It seems the late winter is still biting hard (bold added);
Norway is currently under an amount of snow extremely rare for late spring, with up to half a metre of snow falling in areas outside of Oslo.
Snowfall during Wednesday night caused traffic delay Thursday, and so much snow has fallen that Oslo residents have returned to ski slopes in the off-season, reports NRK.
Oslo’s municipality told the broadcaster that it was reopening ski slopes.
“Preparing ski slopes after Easter is completely abnormal. But we have never prepared them in May before,” Knut Johansson of the city authority said.
The Vestmarka area outside of the capital is one of the areas that has seen heavy amounts of May-time snow.
“We have 25cm at Solli in Vestmarka, where we are going out with an ATV quad bike to make ski slopes,” ski run manager Hege Blichfelt Sheriff of the local skiers’ association told NRK.
Just under a centimetre of snow was measured this morning outside the Norwegian Institute for Meteorology (Meteorologisk Institutt) at Blindern in the capital, according to NRK’s report.
Snow has not been seen at Blindern at this time of year since 1967, according to the institute.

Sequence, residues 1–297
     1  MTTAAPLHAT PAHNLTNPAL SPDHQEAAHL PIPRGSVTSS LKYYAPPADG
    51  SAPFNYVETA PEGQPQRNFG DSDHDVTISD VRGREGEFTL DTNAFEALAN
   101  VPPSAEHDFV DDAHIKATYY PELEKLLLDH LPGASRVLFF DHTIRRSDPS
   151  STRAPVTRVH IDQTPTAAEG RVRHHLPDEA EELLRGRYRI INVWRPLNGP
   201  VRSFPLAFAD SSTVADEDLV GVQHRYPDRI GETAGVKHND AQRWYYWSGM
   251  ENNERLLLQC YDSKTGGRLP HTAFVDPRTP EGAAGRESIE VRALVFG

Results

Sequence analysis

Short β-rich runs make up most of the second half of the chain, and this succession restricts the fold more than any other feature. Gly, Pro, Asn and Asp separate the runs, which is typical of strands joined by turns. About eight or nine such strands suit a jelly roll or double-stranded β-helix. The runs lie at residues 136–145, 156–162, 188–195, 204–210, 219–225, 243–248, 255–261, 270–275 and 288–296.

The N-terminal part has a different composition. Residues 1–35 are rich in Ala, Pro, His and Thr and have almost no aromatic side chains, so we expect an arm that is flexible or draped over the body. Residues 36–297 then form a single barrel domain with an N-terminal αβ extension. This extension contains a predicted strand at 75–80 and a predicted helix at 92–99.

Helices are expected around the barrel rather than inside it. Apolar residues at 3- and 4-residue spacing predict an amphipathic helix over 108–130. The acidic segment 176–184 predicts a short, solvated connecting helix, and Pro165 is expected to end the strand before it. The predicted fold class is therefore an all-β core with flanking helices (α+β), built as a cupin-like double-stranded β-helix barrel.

“It is something very rare for the snow to settle as far down as Blindern,” said meteorologist Terje Alsvik Walløe.
Even though snow further north is less uncommon for the time of year, Walløe said the amount that had fallen was “unusual”.
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Nordic power prices soared as record cold weather in parts of the region delayed the seasonal melting of snow into water needed to generate electricity.
The coldest night on record dating back to 1859 this week helped electricity prices on Wednesday jump 34 percent so far in May from a year earlier and they are headed for the highest average level for the month since 2013 on the Nord Pool AS exchange in Oslo. The unseasonably cold weather is also driving up demand for the commodity.
”It’s what we call a spring pinch,” Sigbjorn Seland, chief analyst at StormGeo’s Nena Analysis in Oslo, said by phone. ”Unusually high spot prices and very low inflows due to the cold.”
While temperatures were colder in the north in absolute terms, they fell as low as minus 7.8 Celsius (18 Fahrenheit) during the night to Thursday at Visby airport on the Island of Gotland in the Baltic Sea. It was the coldest May in the area on record. Uppsala, a town just north of Stockholm, had its coldest May night since 1947 on Wednesday.